Centering


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Related to Centering: Centring

centering,

the framework of wood or of wood and steel built to support a masonry arch or vault during its construction. The centering itself must be rigidly supported, either by posts from the ground or by trusses when piers are available to receive their ends. After the centering is built, the setting of the masonry proceeds equally from the ends or sides toward the central point, where the keystone of the arch or the crowning blocks of the vault are finally wedged into position. The centering is removed after setting in the case of arches where the shape is dependent on the cement or concrete, but in other instances, e.g., where dressed stone is used with a lime mortar joint, it is better to remove the centering before setting, so that gravity will control the disposition of the stones. Removal of the centering is a delicate operation, since undue stress on one part endangers the whole structure. The Romans built vast domes and vaults of concrete with the aid of wood centerings and of integral brick ribs within the vault itself. Arches of steep rise may sometimes be built without centering. Brunelleschi is said to have dispensed with it in constructing the steep dome of the cathedral of Florence. Today inflatable plastic balloons are often used instead of centering.

Centering

A temporary wooden framework placed under vaults and arches to sustain them while under construction; the form was covered with mortar so that the undersurface of the vault showed an impression of the boards used.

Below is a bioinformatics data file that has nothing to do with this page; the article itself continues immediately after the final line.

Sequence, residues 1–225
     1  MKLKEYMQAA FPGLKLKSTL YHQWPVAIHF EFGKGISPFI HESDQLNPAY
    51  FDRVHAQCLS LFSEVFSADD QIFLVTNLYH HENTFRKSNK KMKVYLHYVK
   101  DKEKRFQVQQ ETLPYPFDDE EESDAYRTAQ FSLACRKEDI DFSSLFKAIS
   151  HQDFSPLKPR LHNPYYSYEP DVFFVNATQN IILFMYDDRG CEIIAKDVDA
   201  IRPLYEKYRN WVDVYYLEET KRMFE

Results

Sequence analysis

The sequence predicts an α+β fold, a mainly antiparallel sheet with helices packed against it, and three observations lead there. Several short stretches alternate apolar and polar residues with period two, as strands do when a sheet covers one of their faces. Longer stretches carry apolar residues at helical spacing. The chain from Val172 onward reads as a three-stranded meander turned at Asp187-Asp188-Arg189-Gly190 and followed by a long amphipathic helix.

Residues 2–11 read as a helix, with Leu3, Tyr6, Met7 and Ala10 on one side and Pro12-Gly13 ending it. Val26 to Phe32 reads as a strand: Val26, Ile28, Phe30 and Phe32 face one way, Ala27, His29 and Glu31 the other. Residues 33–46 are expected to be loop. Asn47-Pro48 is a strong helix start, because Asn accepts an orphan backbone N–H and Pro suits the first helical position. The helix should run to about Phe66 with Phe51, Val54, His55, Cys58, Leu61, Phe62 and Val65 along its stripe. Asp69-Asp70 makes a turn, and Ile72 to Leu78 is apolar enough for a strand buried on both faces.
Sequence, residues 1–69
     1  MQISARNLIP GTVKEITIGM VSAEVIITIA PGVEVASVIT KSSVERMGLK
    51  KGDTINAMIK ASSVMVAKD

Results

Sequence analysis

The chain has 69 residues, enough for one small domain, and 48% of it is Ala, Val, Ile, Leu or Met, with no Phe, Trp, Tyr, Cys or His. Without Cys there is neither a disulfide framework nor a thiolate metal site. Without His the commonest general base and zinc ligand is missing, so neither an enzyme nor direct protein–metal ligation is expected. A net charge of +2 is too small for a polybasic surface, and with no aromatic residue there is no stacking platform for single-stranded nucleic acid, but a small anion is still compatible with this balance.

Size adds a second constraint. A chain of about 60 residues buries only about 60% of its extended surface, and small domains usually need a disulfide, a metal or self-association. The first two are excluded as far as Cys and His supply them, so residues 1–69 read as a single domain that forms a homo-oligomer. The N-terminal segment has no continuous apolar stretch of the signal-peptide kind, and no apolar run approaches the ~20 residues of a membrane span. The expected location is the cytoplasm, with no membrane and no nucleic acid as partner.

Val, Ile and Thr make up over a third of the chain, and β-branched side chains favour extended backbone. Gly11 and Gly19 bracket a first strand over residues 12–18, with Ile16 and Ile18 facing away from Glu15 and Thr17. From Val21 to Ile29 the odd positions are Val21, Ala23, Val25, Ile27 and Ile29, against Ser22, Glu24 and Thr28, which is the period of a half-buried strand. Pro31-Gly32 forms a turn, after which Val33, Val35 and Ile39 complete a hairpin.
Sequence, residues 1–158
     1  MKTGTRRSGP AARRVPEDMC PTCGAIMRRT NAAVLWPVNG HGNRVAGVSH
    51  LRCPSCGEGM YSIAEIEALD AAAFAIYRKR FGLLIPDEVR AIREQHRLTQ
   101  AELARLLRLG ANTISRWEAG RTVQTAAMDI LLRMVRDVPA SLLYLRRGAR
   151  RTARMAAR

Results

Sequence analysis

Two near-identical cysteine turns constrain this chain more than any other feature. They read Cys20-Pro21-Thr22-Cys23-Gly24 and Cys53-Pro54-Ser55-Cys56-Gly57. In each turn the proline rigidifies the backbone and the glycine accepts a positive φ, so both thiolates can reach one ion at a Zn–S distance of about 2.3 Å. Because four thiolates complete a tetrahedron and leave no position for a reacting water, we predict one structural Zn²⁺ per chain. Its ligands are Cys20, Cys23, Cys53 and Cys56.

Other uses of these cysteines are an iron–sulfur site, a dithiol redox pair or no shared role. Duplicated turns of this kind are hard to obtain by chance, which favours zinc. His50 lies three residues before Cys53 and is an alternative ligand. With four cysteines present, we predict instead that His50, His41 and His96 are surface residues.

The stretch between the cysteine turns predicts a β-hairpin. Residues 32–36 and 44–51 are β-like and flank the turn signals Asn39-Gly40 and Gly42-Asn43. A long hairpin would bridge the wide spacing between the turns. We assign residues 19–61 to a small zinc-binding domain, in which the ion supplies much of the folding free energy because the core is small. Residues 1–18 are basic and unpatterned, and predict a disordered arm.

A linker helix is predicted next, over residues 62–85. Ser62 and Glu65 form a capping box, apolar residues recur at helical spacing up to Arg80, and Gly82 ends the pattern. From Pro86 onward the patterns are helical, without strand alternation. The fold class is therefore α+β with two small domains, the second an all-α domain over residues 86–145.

Centering

 

an auxiliary device, usually of wood, to temporarily support casings in the construction of such curvilinear stone or reinforced-concrete structures as arches, vaults, and cupolas.


Centering

 

a machining operation that produces center holes in the end faces of stock. Centering is usually done with a center drill on a centering machine. It is most often performed on long bars, which are held by the centers of a metal-cutting machine tool, such as a lathe. The degree to which the finished surfaces will be coaxial depends on the accuracy of centering.

centering

[′sen·tə·riŋ]
(civil engineering)
A curved, temporary support for an arch or dome during a casting or laying operations.

centering

centering: two types
A temporary structure upon which the materials of a vault or arch are supported in position until the work becomes self-supporting.